I'm used to the 5 tier system because of the way the home town newspaper, sfgate.com, reviews things. There's no 3.5 stars or what ever, it's one of 5 pictures:
outstanding - the little guy leaping out of his chair
above average - the little guy sitting up and clapping
average - the little guy sitting up paying attention
below average - the little guy asleep in his chair
poor - an empty chair
There's no "above poor" where the guy is about to get out of his chair.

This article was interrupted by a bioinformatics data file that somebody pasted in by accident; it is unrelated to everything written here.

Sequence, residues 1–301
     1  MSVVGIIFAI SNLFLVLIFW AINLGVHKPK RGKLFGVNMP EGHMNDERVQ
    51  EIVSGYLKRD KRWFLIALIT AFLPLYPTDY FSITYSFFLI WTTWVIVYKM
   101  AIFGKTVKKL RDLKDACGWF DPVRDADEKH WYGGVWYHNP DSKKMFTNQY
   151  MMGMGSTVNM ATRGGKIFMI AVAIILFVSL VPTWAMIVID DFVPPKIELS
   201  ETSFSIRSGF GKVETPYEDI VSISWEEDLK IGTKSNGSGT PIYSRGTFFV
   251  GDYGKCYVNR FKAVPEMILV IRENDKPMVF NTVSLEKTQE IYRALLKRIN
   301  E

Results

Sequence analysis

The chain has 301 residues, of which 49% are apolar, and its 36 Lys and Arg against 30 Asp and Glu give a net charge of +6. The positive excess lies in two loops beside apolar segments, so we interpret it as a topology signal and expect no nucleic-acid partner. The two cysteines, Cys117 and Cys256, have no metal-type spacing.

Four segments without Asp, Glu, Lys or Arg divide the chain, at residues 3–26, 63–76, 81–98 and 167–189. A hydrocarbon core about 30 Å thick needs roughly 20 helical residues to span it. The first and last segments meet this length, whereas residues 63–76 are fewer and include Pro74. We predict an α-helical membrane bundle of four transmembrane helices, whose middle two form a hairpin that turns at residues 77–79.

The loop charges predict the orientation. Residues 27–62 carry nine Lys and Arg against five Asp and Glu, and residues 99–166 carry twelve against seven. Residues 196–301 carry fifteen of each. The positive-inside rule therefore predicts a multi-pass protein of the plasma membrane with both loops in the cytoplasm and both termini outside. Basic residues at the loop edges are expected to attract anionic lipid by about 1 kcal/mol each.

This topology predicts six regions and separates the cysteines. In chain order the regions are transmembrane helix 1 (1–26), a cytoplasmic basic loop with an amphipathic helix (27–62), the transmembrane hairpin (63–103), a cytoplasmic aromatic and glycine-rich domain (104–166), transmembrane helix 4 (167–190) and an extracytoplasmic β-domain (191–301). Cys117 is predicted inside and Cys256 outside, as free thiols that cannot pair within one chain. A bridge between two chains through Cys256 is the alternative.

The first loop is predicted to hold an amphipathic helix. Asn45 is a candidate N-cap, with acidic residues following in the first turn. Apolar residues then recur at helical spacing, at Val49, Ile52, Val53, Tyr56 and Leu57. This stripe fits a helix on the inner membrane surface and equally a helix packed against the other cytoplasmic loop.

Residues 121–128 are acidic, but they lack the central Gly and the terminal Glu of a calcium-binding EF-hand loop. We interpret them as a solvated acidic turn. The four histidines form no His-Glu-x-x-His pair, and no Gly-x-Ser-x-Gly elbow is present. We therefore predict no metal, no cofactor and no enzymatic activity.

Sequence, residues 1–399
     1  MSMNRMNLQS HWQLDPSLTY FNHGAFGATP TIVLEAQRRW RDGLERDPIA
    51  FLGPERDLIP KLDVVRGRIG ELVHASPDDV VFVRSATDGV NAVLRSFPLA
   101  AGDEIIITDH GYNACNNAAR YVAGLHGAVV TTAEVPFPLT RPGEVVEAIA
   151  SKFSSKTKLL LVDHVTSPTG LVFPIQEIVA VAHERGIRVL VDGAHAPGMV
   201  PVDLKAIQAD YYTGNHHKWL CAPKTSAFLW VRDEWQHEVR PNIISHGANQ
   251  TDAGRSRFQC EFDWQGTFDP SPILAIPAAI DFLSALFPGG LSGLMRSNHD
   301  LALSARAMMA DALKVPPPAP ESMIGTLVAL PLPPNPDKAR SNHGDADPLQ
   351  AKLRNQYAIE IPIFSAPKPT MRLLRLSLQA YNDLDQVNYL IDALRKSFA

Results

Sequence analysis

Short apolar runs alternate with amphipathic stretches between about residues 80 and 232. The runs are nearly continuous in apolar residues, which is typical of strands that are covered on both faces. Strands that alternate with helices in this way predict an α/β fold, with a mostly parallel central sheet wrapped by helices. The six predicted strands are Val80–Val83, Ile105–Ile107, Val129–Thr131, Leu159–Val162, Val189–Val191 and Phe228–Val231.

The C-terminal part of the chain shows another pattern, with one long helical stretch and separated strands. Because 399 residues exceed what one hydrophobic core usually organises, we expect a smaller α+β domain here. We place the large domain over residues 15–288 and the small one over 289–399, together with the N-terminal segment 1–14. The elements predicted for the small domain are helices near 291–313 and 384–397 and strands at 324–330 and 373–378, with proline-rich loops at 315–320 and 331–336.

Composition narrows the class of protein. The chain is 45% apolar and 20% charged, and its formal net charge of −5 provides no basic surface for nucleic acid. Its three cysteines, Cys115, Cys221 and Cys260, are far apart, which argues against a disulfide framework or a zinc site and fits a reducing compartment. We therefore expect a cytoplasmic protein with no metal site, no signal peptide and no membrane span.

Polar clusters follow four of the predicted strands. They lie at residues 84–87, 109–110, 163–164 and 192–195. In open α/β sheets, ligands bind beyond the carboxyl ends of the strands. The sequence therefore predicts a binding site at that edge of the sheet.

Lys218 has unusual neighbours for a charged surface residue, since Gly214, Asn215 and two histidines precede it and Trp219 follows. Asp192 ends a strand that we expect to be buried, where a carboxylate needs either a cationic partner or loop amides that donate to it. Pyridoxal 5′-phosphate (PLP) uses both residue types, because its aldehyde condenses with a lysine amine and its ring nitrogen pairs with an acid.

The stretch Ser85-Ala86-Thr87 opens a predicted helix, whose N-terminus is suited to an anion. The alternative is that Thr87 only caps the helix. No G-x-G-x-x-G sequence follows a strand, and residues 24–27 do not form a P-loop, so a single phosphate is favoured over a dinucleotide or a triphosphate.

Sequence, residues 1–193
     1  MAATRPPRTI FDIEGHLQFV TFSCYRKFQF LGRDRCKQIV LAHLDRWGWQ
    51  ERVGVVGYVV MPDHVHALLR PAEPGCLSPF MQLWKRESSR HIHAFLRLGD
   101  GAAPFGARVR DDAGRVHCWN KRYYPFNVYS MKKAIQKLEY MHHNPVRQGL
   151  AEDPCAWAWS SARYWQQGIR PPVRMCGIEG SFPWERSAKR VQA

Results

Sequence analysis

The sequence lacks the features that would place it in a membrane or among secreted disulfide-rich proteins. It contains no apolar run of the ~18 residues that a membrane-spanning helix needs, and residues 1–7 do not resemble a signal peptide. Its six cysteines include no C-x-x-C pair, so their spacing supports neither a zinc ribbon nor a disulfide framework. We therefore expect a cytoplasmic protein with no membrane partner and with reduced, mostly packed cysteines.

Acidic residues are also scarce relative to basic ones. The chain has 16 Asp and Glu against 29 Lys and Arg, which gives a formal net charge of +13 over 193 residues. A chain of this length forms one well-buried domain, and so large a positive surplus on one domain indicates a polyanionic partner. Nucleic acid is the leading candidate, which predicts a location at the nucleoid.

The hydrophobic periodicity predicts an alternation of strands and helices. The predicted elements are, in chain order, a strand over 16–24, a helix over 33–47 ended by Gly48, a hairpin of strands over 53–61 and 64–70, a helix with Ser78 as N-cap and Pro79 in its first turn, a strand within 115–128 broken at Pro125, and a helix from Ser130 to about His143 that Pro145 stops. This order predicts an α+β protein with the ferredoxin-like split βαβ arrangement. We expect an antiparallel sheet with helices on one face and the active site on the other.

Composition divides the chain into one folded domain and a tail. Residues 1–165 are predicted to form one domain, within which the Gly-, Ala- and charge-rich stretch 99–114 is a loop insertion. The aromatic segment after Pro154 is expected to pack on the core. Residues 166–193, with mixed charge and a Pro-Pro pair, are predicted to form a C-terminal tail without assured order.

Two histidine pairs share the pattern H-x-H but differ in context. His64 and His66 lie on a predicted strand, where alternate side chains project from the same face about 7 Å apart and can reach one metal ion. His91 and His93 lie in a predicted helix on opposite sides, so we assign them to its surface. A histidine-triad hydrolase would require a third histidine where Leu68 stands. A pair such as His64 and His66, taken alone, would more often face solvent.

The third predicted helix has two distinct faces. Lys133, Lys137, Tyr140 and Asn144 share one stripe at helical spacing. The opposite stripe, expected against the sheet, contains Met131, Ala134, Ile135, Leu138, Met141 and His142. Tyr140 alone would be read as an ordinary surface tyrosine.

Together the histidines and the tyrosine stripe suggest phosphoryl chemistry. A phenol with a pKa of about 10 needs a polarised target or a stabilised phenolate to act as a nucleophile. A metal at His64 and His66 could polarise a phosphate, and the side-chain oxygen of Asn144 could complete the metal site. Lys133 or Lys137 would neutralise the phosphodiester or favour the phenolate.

Adding "above above average" or what ever really isn't going to change anything. For example, when 90% of the votes for a David Mack book are Outstanding or Above Average, that's all I need to know. It doesn't matter to me if 90% of the votes are scattered across the top 2 categories or the top 3 of an expanded list of options. And what Thrawn says is 100% true, I'm really not interested in having the ratings chart thrown out just so we can start over with a larger set to choose from.